Zidane: He came, he saw, he conquered

Leanne Lu
Written by Leanne Lu

Legendary players like Ryan Giggs, Steven Gerrard and Frank Lampard have all stepped into managerial roles in recent seasons, but it is unlikely they will ever match the feats of Zinedine Zidane at Real Madrid with the Frenchman’s Champions League accomplishments before stepping down this summer unprecedented.


In Kiev in May, Zinedine Zidane became the only coach in football history to win three consecutive Champions League titles. Led by the former Ballon d’Or winner, Real Madrid beat Atlético Madrid in the 2016 final, Juventus in 2017 and Liverpool in 2018 – three fearsome opponents from three different European leagues – to claim the most sought-after prize in club football.

In his two-and-half season reign, Zidane also claimed one La Liga title, one Supercopa de España, two UEFA Super Cup titles and two FIFA Club World Cups. To establish himself as one of best players in the world and then one the most successful managers is simply extraordinary.

The pathway for Zidane from retired player to worldclass manager is also highly unusual. After assisting Carlos Ancelotti for one season, he took over Real Madrid’s B team for two years before succeeding Rafa Benitez mid-way through the 2015/16 season. In other words, Zidane took over the top job at Real Madrid without any experience as head coach of any football team, let alone one of the biggest clubs in world football.

Yet he quickly guided the team to an 11th Champions League title in his first season – a high from which he never looked back.

The only coach to achieve anything similar is Pep Guardiola, who took over the Barcelona B team for one season before enjoying a period of tremendous success for the Spanish giant. However, in Barcelona, a certain mentality and methodology had been instilled many years earlier thanks to the great Johan Cruyff. In Madrid, Zidane was challenged by one of the most expensive dressing rooms on the planet with egos to match.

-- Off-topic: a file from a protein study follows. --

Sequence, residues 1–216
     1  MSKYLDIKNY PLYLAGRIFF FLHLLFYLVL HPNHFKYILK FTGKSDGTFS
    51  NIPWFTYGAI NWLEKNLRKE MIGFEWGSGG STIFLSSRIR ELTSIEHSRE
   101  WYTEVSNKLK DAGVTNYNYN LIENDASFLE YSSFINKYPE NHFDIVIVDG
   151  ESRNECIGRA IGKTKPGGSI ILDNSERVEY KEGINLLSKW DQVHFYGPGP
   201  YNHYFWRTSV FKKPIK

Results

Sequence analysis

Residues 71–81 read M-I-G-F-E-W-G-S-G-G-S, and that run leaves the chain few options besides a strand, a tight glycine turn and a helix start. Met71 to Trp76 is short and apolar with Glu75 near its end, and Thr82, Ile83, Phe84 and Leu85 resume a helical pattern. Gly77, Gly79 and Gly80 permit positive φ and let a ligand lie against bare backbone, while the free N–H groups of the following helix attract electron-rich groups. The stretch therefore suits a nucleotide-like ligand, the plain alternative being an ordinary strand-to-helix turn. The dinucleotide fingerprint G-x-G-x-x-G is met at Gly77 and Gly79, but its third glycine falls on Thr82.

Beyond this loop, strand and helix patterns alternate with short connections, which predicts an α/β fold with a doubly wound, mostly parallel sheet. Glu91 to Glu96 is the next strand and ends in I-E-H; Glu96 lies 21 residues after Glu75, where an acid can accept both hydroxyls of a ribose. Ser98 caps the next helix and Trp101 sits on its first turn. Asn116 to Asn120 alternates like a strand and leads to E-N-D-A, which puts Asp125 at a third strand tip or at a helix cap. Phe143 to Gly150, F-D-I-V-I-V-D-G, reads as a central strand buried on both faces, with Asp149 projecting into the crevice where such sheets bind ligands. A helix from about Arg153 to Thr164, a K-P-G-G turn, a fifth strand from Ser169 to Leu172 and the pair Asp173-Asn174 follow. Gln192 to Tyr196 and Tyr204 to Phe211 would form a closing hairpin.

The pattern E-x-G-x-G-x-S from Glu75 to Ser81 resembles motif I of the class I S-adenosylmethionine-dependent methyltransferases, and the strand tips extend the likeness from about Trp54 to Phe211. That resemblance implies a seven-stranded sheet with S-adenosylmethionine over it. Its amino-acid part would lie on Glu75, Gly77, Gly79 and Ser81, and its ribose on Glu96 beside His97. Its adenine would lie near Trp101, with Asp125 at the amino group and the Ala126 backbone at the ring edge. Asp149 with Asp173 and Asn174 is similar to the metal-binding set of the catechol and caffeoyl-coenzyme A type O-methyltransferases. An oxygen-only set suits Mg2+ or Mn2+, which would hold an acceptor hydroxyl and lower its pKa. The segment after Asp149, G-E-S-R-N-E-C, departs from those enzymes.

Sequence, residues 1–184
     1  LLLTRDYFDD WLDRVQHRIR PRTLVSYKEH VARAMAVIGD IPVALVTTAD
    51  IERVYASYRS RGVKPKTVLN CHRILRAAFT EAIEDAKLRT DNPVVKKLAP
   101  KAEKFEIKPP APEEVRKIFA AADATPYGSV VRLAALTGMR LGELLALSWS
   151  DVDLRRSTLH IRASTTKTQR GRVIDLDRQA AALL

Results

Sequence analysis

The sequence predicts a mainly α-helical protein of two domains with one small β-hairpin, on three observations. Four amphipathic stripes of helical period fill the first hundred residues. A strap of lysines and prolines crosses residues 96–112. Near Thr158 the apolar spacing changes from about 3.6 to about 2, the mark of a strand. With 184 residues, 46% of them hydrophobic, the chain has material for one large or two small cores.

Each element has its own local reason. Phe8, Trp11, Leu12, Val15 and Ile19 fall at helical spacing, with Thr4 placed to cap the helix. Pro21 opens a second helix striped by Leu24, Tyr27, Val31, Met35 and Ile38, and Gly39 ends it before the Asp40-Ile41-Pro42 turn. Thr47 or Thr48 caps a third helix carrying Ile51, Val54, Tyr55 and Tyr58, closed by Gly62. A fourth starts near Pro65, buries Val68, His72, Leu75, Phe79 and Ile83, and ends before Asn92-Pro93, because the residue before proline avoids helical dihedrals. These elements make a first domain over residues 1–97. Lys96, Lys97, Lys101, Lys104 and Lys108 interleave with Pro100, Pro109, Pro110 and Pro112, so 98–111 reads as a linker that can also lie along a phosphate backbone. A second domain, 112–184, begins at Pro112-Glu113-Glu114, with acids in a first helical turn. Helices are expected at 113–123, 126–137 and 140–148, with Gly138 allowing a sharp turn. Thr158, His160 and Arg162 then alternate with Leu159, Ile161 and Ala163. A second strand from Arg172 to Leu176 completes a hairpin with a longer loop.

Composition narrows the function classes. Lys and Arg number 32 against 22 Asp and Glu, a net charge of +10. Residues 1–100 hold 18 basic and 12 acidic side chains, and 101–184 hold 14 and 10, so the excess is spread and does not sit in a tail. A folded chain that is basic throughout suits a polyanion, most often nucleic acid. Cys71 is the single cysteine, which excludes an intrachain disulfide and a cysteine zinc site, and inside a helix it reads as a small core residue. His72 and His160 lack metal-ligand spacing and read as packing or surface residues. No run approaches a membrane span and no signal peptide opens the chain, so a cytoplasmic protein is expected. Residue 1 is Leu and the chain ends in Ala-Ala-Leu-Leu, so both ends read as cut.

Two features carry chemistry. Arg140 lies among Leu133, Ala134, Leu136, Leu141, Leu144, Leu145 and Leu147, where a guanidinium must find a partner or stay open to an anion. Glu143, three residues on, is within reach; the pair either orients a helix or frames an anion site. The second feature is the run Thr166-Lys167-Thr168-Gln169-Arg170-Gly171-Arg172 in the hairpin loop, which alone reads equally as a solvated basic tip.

Player management was what ultimately ended Benitez’s reign and in the end it claimed Zidane too, but not before re-writing the record books.

As it turned out, having guided Real Madrid to a 3-1 win over Liverpool in Kiev to complete the hat-trick, Zidane again shocked the world with his immediate resignation. Long-term divergent opinions with chairman Florentino Pérez was stated as the major reason. After years of internal in-fighting, Zidane had the final say as he bowed out on a high and on his own terms.

Despite Real’s star-studded roster, matching Zidane’s feat will be no easy task. Ability and timing are equally crucial – finding that right moment to shine on the biggest stage. In most cases, aspiring coaches have to bide their time before their shot at glory.

At Liverpool, club legend Steven Gerrard spent last season guiding the youth academy but with Jürgen Klopp in charge of the first team, Gerrard is heading to Glasgow Rangers in Scotland for his first taste of senior coaching.

Likewise, Chelsea great Frank Lampard is off to Derby County to learn his trade.

Others have tried and failed. Gary Neville briefly assisted Roy Hodgson with the England national team before an ill-fated stint with Valencia that has poisoned his future hopes.

Ryan Giggs’ coaching dream was saved by the Welsh national team after being overlooked by Premier League minnows Swansea City. One wrong step is all it takes to be consigned to the “good players don’t automatically make good coaches” waste basket.

The most notable example of this is none other than Argentina’s Diego Maradona, who briefly took charge of the national team starting in 2008 before being sacked in 2010 for both the on-field performances of the side and off-field scuffles with media and administrators.

With help from the famous “Hand of God” goal, Maradona won the World Cup as a player in 1986, but as a manager it seems that Zinedine Zidane was blessed with a special “Kiss of God.”